Children are the Victims of Adults' Vices Monument
This monument is within walking distance of the Kremlin. It may be frightening, but I was surprised when Anton told me it was "really cool" because we usually don't agree on what we find "cool." The monument was created by Mihail Chemiakin in 2001 and gifted to the city of Moscow. It depicts statues of 13 evils with two children playing in the foreground unaware of what surrounds them. The center statue depicts indifference which, not to get too political, I think is the most dangerous of all the evils. My favorite statue was "war" which contains a man wearing a gas mask holding a bomb with Mickey Mouses' head. I don't know why that one is my favorite, but maybe because I find the social aspect of war and it's impact fascinating. I'll clarify that I do not condone war, but I think studying it is fascinating, which again is why I like learning about World War I and II. This blog has a great description of each figure if you'd like to know more or read a more elegant recollection of the piece.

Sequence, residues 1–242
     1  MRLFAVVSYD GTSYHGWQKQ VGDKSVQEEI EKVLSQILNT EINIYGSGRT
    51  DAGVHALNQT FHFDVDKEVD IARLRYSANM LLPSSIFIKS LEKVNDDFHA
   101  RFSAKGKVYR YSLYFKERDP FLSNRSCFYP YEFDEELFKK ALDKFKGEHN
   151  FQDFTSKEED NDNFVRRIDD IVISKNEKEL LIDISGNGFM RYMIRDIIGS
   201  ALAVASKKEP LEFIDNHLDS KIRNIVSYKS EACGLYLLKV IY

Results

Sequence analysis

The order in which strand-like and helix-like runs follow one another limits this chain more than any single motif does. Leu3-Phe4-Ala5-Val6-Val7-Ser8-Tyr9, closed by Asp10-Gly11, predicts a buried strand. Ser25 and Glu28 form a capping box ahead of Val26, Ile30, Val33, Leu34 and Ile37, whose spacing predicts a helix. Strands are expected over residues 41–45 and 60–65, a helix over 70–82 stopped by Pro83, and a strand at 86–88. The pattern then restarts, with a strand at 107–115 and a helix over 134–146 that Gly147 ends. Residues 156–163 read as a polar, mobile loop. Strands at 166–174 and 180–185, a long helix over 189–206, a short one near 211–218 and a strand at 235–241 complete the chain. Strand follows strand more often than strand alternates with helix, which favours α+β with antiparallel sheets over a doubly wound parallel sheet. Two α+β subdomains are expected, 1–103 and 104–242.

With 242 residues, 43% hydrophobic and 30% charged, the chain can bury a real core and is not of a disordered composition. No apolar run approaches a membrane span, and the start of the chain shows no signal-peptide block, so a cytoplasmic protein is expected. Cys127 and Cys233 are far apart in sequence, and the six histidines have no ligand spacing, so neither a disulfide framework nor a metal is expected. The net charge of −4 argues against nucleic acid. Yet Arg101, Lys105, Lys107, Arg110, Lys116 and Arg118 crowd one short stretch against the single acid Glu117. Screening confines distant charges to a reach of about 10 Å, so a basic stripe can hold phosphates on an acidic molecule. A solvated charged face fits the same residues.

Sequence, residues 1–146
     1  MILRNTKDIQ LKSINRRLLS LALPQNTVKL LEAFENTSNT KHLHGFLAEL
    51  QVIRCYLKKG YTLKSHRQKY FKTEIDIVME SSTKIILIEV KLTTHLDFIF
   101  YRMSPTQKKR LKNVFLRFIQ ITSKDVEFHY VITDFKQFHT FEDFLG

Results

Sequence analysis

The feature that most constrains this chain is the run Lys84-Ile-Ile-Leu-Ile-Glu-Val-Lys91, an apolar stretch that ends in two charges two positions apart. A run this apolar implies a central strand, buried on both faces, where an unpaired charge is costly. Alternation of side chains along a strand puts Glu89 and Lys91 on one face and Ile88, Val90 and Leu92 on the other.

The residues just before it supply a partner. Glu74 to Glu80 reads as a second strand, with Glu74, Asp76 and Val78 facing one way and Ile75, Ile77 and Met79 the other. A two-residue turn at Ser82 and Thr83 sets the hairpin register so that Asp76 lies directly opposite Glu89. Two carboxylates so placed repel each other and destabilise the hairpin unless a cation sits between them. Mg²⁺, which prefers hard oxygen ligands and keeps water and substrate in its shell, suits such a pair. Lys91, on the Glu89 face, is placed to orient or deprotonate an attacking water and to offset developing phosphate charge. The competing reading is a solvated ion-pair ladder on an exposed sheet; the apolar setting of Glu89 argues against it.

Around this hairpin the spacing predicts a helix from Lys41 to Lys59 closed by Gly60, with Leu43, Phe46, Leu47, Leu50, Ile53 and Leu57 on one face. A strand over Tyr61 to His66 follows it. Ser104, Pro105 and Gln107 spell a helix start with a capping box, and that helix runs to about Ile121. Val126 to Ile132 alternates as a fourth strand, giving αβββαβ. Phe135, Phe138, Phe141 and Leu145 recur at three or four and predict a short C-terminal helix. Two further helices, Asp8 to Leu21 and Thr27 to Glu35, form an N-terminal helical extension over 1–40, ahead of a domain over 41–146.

Fallen Monuments Park
This is one strange park, and, to be honest, I'm not at all surprised one of these exists in Russia. Right within the MUZEON grounds and next to Krymsky Val you can't miss this unusual park. After the collapse of the Soviet Union many of the statues of former communist leaders were taken down and brought to the park. In the 1990s the park began adding more modern sculptures eventually arranging them into the display you see today. As someone who is obsessed with Vladimir Lenin statues I was having a field day here! There were so many statues of him, and I really had to pace myself and not go overboard with too many Lenin selfies. It was also pretty eerie seeing statues of Josef Stalin. I know it wasn't really him but it's still an unsettling feeling seeing so many statues of him.
Giant Chess Board